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Standardized variables for state surveillance of pesticide-related illness and injury.

NIOSH 2010 Sep; :1-66
This document contains a standardized set of variables for pesticide-related illness and injury. These standardized variables were developed through a collaboration that included experts from federal agencies (NIOSH, US EPS, NCEH), non-federal agencies (CSTE, AOEC) and state health departments or other state designees. The variables indicated as core variables for this condition are required from all NIOSH-funded surveillance programs. However, states are encouraged to provide data for all of the variables. The NIOSH core variable name is provided in bold, followed by the variable name in the SPIDER database system shown in parentheses. The data is best managed with a relational database structure. See the SPIDER Technical Manual for an example of database design. The variable formats conform to CDC recommendations and to maintain consistency with available national data useful for rate calculation and comparisons (e.g., data collected by the Bureau of Labor Statistics, the National Center for Health Statistics, and the Bureau of the Census). Note that the recommended variable type (e.g. numeric, character) is included in this document. Comments follow each variable, which explain the intended use of the variable. The comments also describe the discussion with state and federal agency partners during the development of the variables and coding schemes. Additional detail and clarification are available in the appendices that include a set of frequently asked questions (FAQ) document. Some states choose not to collect information on cases associated with exposures to disinfectants. However, the variables are designed to allow this information to be captured, although these cases may not be routinely reported to the national surveillance system.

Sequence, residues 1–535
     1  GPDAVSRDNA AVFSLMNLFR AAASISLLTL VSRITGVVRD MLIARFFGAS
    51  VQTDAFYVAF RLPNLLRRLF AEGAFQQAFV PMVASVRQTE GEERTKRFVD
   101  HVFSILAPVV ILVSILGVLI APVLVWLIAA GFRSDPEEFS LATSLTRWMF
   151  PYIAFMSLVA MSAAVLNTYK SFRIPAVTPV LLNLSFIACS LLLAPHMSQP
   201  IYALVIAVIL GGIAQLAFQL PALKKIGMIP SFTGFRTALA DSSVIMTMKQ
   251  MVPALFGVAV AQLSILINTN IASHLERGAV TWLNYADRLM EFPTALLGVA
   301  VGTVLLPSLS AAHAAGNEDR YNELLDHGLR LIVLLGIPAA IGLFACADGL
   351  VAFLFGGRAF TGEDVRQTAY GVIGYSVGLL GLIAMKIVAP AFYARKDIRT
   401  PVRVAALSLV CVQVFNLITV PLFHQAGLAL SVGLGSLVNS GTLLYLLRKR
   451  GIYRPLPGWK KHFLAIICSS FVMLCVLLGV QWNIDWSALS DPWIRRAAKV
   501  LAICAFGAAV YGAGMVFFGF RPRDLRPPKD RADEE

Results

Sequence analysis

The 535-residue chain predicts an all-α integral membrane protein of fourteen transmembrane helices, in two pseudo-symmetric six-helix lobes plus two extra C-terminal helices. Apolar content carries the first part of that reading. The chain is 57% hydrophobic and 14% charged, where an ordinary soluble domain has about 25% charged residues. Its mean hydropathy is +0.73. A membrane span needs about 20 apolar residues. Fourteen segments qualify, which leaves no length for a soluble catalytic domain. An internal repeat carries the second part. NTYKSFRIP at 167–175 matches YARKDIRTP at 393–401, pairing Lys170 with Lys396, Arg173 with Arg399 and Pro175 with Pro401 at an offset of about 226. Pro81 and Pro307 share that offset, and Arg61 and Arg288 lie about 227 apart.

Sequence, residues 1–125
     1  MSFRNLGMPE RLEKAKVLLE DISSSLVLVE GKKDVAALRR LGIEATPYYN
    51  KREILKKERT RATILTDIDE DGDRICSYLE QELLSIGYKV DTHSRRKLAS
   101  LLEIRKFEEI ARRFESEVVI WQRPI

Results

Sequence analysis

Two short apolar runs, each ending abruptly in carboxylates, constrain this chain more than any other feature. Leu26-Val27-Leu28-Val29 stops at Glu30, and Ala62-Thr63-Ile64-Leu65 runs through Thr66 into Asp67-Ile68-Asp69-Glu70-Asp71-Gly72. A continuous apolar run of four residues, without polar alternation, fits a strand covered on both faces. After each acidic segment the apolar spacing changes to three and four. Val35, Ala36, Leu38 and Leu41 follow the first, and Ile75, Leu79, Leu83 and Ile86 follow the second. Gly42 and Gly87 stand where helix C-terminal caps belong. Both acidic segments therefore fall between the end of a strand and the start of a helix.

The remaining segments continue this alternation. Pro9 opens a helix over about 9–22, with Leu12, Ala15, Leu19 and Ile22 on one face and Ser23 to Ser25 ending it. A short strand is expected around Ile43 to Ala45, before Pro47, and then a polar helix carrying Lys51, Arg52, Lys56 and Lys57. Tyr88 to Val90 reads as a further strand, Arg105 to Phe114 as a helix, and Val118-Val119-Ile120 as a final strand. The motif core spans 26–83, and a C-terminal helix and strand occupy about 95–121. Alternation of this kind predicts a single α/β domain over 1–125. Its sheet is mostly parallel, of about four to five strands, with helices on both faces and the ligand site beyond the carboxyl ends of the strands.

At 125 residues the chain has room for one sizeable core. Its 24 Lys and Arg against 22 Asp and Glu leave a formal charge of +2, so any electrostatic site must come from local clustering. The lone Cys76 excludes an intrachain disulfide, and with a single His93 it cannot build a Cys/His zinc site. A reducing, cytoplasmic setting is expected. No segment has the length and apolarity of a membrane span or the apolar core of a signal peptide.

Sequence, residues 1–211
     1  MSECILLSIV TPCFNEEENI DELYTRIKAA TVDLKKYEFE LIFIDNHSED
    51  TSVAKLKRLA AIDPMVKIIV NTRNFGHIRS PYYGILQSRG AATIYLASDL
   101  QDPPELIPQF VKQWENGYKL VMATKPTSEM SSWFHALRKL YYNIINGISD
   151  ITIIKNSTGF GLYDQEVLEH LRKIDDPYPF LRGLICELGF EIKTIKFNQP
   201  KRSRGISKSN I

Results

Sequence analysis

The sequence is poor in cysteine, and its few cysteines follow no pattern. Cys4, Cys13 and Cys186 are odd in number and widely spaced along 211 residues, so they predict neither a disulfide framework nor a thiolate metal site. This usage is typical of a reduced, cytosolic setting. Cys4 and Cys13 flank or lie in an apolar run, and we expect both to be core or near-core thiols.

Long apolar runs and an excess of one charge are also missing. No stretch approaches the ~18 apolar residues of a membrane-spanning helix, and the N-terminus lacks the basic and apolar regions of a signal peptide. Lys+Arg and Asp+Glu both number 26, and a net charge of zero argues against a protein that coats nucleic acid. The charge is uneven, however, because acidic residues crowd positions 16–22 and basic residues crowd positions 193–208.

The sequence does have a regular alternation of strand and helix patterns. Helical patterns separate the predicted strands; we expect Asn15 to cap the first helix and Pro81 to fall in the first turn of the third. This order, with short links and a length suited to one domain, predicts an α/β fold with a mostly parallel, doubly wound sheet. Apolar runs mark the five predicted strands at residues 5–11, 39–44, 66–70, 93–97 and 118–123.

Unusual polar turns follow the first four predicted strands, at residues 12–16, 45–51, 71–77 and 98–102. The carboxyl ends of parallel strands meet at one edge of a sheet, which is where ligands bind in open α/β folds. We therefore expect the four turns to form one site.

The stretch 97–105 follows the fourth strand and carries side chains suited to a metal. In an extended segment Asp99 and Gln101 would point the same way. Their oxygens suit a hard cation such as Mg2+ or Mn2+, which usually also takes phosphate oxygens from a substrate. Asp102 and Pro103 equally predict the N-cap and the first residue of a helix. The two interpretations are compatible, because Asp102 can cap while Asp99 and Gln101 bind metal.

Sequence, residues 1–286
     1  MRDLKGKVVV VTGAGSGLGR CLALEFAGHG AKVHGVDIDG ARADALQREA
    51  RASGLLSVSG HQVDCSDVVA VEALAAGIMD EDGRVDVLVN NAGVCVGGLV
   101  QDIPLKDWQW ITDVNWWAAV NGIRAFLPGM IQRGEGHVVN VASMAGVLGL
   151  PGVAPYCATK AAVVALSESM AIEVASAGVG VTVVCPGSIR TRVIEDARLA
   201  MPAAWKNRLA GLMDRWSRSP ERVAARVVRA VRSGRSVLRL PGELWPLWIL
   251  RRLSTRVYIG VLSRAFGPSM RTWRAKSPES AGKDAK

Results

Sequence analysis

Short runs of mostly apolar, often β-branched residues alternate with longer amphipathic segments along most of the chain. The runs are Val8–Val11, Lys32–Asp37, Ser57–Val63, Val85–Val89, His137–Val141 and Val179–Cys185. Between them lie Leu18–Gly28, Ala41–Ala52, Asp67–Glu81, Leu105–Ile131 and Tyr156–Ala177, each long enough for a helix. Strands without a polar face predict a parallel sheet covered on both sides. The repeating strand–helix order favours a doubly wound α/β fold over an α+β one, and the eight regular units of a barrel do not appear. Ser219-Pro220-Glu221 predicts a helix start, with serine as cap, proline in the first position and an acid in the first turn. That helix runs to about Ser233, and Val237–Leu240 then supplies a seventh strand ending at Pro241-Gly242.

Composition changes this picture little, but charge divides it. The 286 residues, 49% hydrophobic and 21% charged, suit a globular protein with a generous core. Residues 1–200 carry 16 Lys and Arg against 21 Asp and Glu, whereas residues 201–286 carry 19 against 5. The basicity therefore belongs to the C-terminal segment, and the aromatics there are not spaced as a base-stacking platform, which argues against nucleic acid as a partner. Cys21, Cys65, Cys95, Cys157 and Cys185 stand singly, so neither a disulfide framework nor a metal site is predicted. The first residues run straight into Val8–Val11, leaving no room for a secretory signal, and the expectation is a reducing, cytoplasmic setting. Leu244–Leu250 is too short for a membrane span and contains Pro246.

Surveillance-programs; Standards; Pesticides; Information-processing; Information-systems; Data-processing; Demographic-characteristics; Medical-monitoring; Disease-incidence
Geoffrey M. Calvert, MD, Mail Stop R-21, National Institute for Occupational Safety and Health, 4676 Columbia Parkway, Cincinnati, OH 45226
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Page last reviewed: September 2, 2020
Content source: National Institute for Occupational Safety and Health Education and Information Division